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James Webb ST just captured massive clouds on an Alien Planet in unprecedented detail


A weird alien world cloaked in clouds of sand-like silicate granules has been discovered by the James Webb Space Telescope.


The exoplanet finding, revealed in a recent paper as the first of its kind, was made by the NIRSpec and MIRI instruments on the James Webb Space Telescope. Astronomers discovered indications of silicate-rich clouds surrounding a brown dwarf roughly 20 times the size of Jupiter in the data. The discovery backs up several previous speculations concerning these strange planet-like planets.



Astronomers have long suspected that some types of brown dwarfs have turbulent, rapidly changing atmospheres. (Photo courtesy of NASA/JPL-Caltech)


Brown dwarfs are weird objects that are not quite large enough to ignite into stars but are also not small enough to be considered planets. Brown dwarfs, while unable to consume normal hydrogen, can generate their own light and heat by burning deuterium (a less common isotope of hydrogen that contains an extra neutron).


VHS 1256 b is a brown dwarf that orbits two tiny red dwarf stars 72 light-years from Earth in the constellation Corvus, or the Crow, in the southern sky. Astronomers spotted the odd exoplanet in 2016, and its reddish glow has perplexed them ever since. They suspected that the glow was created by some kind of atmosphere. According to Forbes, observations from the James Webb Space Telescope have now corroborated those predictions, demonstrating that VHS 1256 b must be surrounded in dense clouds filled of sand-like silicate grains.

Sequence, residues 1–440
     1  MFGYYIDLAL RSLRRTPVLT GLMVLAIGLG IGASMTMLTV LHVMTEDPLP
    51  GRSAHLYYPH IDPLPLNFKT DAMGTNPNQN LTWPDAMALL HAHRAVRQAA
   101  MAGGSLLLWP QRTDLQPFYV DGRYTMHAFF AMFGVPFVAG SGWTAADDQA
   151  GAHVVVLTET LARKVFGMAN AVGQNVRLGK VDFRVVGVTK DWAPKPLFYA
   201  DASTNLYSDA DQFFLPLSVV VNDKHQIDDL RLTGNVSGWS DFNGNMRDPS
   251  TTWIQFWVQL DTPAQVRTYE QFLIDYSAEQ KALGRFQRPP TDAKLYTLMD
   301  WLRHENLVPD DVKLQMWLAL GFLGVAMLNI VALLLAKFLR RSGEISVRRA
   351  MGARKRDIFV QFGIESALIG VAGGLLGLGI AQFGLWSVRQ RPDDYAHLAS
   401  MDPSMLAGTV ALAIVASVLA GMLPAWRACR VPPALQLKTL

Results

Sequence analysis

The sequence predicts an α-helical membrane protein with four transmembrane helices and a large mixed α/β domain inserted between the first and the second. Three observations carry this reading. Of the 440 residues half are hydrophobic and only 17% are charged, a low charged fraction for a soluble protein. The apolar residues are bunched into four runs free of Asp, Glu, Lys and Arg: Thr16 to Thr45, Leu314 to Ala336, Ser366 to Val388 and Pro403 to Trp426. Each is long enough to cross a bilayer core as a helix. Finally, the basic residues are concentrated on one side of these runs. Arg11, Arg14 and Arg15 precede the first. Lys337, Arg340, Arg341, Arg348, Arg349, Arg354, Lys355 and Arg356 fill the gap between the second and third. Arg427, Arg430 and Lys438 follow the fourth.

Water, methane, carbon monoxide, carbon dioxide, sodium, and potassium were also found in the atmosphere of VHS 1256 b by Webb.


"We will know more from iterations on the data reduction," said Brittany Miles, an astronomer at the University of California, Irvine and the project's principal researcher, in an email to Space.com. "So far, it appears to be pretty close to theoretical expectations."


The Webb data were so thorough that they revealed that the ratio of the various gases changes throughout the atmosphere of VHS 1256 b, implying that the atmosphere is not static, but rather chaotic and turbulent.


"There is an expected ratio of, example, methane and carbon monoxide in a tranquil atmosphere," Sasha Hinkley, an astronomer at the University of Exeter in the United Kingdom and one of the study's co-authors, told Forbes (opens in new tab). "However, we're finding that this ratio is significantly skewed in many planetary atmospheres, implying that there is turbulent vertical mixing in these atmospheres, dredging up carbon dioxide from deep down to mix with methane higher up in the atmosphere."


VHS 1256 b is small for a brown dwarf, suggesting that the body is young. The exoplanet orbits its two parent stars 360 sun-Earth distances apart in an oval-shaped orbit that takes 17,000 years to complete.


Reference(s): arXiv

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